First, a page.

The three of us laid down as the grass pierced through the towels to itch the backs of our necks. Together, we watched the black canvas of the midnight sky and the millions of the stars that shone through. We compared our families, schools and cultures; I had never before realized how different life is in Japan. The moment we all had created that unbreakable bond—the kizuna I would later learn about—sprinklers came on, chasing us back inside. That night was the first time I connected with Yuri and Chisaki, or anyone from Japan for that matter; but this was only homestay. I still had no idea how much craziness and love High School Diplomats had in store for me.

HSD is a free program that allows high schoolers from Japan and America to live together at Princeton for 10 days. Briefly described, it’s a cultural exchange. In reality, it’s so much more. Because of this program, I was able to open up to and learn from people living a world away.

Each morning began with either me or Yuri shaking the other awake to the sound of the alarm. I’d then drag myself across the hall to the bathroom, where I’d answer Akane’s endless questions on American boys and my love life. Though I returned home weeks ago, it seems like just yesterday I was explaining why I’m single through a mouthful of toothpaste. The rest of the days were filled with rajio taiso (an all-time favorite workout crossed between yoga and Zumba), language and culture class, and anything else you can imagine—from Independence Day to casino night.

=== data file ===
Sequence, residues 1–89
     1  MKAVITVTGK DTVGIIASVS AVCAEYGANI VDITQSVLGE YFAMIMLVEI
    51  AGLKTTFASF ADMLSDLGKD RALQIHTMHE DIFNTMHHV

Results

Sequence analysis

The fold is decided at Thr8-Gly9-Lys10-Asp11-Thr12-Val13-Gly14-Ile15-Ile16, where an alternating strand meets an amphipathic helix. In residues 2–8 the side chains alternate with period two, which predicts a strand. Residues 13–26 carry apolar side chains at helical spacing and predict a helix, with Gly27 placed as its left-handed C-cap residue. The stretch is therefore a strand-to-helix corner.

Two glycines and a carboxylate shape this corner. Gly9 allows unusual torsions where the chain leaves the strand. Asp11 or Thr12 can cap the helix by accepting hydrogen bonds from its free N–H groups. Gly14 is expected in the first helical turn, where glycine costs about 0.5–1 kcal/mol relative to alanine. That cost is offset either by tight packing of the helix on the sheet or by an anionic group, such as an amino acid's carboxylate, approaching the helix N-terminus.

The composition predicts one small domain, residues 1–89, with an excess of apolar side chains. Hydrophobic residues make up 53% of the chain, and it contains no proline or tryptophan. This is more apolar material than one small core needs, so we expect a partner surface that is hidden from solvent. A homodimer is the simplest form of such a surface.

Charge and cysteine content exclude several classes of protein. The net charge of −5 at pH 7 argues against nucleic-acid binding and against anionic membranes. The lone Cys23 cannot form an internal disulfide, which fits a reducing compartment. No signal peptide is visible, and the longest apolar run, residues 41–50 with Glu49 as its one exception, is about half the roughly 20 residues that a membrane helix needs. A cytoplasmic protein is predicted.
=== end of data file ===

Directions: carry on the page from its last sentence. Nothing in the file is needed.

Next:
One day that was particularly fun was date night. Because Japanese high schools don’t have homecoming and prom, the entire Sunday is ‘free time’ designated to shopping and preparing for a dance.

With every day came more memories and more love that was shared throughout HSD. Just as the talent show gave spotlight to the most gifted and incredible people I’ve ever met, the Japanese Festival gave us insight to our roommates’ culture and history. From Hippie Day to Diplomat Talks, every single moment of this program changed me for the better. Despite living in alternate worlds, we got to share our deepest fears, darkest secrets and jokes that will never die. These are the reasons I broke down crying with Yuri on the last day. When we exchanged our flags and our final words, she said to me, “I told you that I have a twin, but you are my sister.” That is the kizuna I mentioned earlier. That is the type of bond that will never be broken—not by language and never by distance.

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Mary Grace Pattillo is a junior at Riverbend High School/ Commonwealth Governor’s School and U.S. High School Diplomats 2018 participant.

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